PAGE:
Sinn Féin - On Your Side

Truth - A Sinn Féin discussion document

24 September, 2003


Sinn Féin calls for a focussed debate and political engagement with all relevant parties on the timing and purpose of truth recovery processes. The potential for success would be considerably enhanced in the context of political stability, with the Assembly, the Executive and North/South bodies all in operation.

This document will be distributed to both governments, other political parties, campaigning groups, NGO's, and the community and voluntary sector. Sinn Féin welcomes the thoughts and suggestions of others

While accepting the genuine doubts and fears around the issue of 'Truth', it is clear that many victims and survivors of the conflict believe that some formal collective examination and acknowledgement of the past is necessary for them to find closure.

The idea of truth recovery processes is based on the concept of 'transition', from conflict to peace or from one government to another. At its most basic, a truth process is meant to mark the end of one difficult era and the beginning of a new and better one.

Truth processes

There have been at least 21 official truth processes around the world since 1974. Each has been unique. These include:

Truth and Justice Commissions - Haiti and Ecuador

Historical Clarification Commission - Guatemala

Truth and Reconciliation Commissions - South Africa and Chile

Others processes were conducted in post-reunification Germany, El Salvador, Bolivia, Chad, Argentina, Uganda, Sri Lanka and elsewhere.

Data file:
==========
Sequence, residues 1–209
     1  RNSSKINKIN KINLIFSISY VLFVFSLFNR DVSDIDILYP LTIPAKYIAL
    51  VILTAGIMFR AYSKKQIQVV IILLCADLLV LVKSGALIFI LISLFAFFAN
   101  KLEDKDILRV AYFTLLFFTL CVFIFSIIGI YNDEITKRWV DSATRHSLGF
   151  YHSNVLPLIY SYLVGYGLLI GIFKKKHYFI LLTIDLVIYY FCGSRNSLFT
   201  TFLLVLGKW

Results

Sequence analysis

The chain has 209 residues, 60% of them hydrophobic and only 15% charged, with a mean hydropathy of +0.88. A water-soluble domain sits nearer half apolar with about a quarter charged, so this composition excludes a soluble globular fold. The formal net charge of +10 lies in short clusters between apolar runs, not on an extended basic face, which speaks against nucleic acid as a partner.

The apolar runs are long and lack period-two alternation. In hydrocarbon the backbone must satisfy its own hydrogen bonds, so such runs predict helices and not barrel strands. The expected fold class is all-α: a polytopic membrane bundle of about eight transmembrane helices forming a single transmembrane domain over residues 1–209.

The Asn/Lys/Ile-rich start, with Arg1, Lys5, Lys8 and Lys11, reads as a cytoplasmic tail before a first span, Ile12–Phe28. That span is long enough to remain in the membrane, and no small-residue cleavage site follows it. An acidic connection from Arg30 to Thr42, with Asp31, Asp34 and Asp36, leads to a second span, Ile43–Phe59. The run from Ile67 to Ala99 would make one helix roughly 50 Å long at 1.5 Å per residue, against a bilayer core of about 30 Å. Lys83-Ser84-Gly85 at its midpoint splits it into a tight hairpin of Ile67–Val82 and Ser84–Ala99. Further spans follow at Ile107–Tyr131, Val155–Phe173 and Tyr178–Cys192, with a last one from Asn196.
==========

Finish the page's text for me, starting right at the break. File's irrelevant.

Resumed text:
What is a Truth Commission?

1. Truth Commissions focus on the past.

2. They investigate patterns of abuses over a period of time, rather a specific event.

3. Their official status gives them access to official sources of information and a greater likelihood of uncovering information concealed by the authorities.

4. A Truth Commission is a temporary body, typically in operation for six months to two years, and completing its work with the submission of a report.

Do Truth Commissions work?

The evidence is inconclusive. The experience has been that expectations of truth commissions are almost always greater than what they can eventually achieve. Others have testified to a sense of empowerment, confidence, closure and security.

The best-known examples took place in South Africa and Guatemala. Both have been criticised, not least by Human Rights groups and victims organisations. It should also be recognised that truth recovery processes have a potential, at least in the short term, to inhibit rather than enhance the equally necessary process of reconciliation. Both processes, truth and reconciliation, are, in Sinn Féin's view, necessary. Closure, arguably, like forgiveness, comes at a personal level.

Other Truth Recovery Processes

A Truth Commission is but one of a number of possible approaches to truth recovery, commemoration and healing. Other methods, including storytelling, monuments, education and training, public commemoration, memorial funds, community and intercommunity interactions should be considered as ways of dealing with the legacy of the past. Judicial processes can also provide some of this.

These include judicial inquiries, independent international inquiries, inquests, tribunals and so on. Effectiveness, however, in serving the objective of truth recovery requires full co-operation and disclosure by all relevant individuals, organisations, institutions and governments.


The parties to the Good Friday Agreement agreed that it 'is essential to acknowledge and address the suffering of the victims of violence as a necessary element of reconciliation'. This led on to the Bloomfield report, which on the issue of 'Truth' went no further than saying that 'the possibility of benefiting from some form of Truth and Reconciliation Commission should not be overlooked'.